The Soapbox Summer Reading List

The holidays are upon us and if you have school-aged kids like us (except Euan who goes when it’s cheap) you will be travelling soon – at peak cost.  But this might cheer you up!

We know that you are all sustainable investing geeks like ourselves, so we have compiled a list of our favourite books from the last year together with a personally selected teaser quote (I know… we’re too good to you).

The first (discovered by Ryan) will get you back in touch with the world outside the office walls. The second (discovered by Jon) is a deep and fascinating history of environmentalism and how it intersects with economic growth. It features two profoundly important men that I had never heard of. The third is probably my personal favourite as it blends two of my main interests; disruptive innovation and sustainability (specifically economic development). The fourth is probably the best pure investing book I have read in the last five years (hopefully you view that as a good thing)! Lastly – and by no means least… well maybe actually least – but very close to our hearts, is a tour de force of sustainable investing philosophy and practice.

 

1) The Nature Fix: Why Nature Makes Us Happier, Healthier, and More Creative by Florence Williams
Quote: “Distilling what I learned, I came up with a kind of ultrasimple coda: Go outside, often, sometimes in wild places. Bring friends or not. Breathe.”

2) The Wizard and the Prophet: Two Remarkable Scientists and Their Dueling Visions to Shape Tomorrow’s World by Charles Mann
Quote:“A prerequisite for a successful scientific career is an enthusiastic willingness to pore through the minutiae of subjects that 99.9 percent of Earth’s population find screamingly dull.”

3) The Prosperity Paradox: How Innovation Can Lift Nations Out of Poverty by Clayton M. Christensen, Efosa Ojomo, & Karen Dillon
Quote: “When innovators create a new market, targeted at a large population that has historically been unable to afford the product—non-consumers—the innovator must hire many more people not only to make the product or service, but also to get it to the new customers.”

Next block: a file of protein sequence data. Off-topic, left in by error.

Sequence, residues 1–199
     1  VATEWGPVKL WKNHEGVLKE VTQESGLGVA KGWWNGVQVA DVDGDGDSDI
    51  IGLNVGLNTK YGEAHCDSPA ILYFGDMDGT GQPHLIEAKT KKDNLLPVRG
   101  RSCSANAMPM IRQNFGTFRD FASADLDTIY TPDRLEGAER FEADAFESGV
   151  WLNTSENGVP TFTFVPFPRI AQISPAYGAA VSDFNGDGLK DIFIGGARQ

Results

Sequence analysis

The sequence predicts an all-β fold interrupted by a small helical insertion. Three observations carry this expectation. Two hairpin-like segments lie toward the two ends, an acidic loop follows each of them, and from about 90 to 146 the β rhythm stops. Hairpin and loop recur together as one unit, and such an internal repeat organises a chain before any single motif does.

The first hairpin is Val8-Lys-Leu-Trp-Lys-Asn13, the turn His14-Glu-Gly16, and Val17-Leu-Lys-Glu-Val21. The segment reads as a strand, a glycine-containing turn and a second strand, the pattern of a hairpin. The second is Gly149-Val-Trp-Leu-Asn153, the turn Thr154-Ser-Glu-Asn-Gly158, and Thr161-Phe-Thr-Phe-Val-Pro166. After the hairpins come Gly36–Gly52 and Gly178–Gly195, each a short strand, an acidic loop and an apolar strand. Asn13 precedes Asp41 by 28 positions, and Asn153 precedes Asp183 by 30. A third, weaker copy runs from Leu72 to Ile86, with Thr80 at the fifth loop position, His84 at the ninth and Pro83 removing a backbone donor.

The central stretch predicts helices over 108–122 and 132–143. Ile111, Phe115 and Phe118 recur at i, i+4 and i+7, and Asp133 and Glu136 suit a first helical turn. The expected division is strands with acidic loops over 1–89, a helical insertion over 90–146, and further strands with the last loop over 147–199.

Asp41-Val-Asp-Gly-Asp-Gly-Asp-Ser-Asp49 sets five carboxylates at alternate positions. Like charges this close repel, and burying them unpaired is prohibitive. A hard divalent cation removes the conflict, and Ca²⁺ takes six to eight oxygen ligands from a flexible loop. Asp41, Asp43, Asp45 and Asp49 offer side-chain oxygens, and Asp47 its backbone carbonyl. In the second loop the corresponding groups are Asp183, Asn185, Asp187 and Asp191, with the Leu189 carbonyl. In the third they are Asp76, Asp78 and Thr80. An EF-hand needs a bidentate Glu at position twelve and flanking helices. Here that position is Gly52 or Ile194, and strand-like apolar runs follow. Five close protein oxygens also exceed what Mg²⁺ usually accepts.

4) 7 Powers: The Foundations of Business Strategy by Hamilton Helmer
Quote: “it crystal clear to me that the ascent of great companies is not linear but more a step function. There are critical moments when decisions are made that inexorably shape the company’s future trajectory. To get these crux moves right, you must flexibly adapt your strategy to emerging circumstances. The goal of this book is ambitious: to enable such flexibility by making the discipline of Strategy relevant to you in those high-flux formative moments.”

5) Kames Global Sustainable Equity Impact Report  by us.
Quote: “I believe we are at the intersection of two very powerful supply and demand curves.  Technology led deflation (supply) is converging with the greatest sustainability challenges the human race has ever faced (demand). Capital markets (particularly publically listed companies) can be the bridge between that supply and demand. The demand is unfortunately inevitable, but so is the supply. I am optimistic. It is evident to me that this intersection is driving a wave of positive change in global markets.”

 

Sorry I couldn’t resist the last one …. On the plus side, unlike the others it’s completely free and downloadable on your iPad. We’d be very interested in both your feedback on the books and / or any suggestions that you may have for us?

Have a great holiday when it comes.

About the author

Craig Bonthron is an investment manager in the Equities team, responsible for actively co-managing high conviction global equities portfolios. He focuses on analysing disruptive and sustainable investment trends within the technology, healthcare, industrial and consumer sectors in order to identify high conviction stock specific investment ideas.

He joined us in 2014 from SWIP, where he was an investment director in global equities. Prior to SWIP, he was a portfolio manager at Kleinwort Benson Investors. Craig has a 1st Class honours degree in Building Surveying and an MSc with Distinction in Business Information Technology Systems from Strathclyde Business School. He has 18 years’ industry experience (as at 30 April 2019).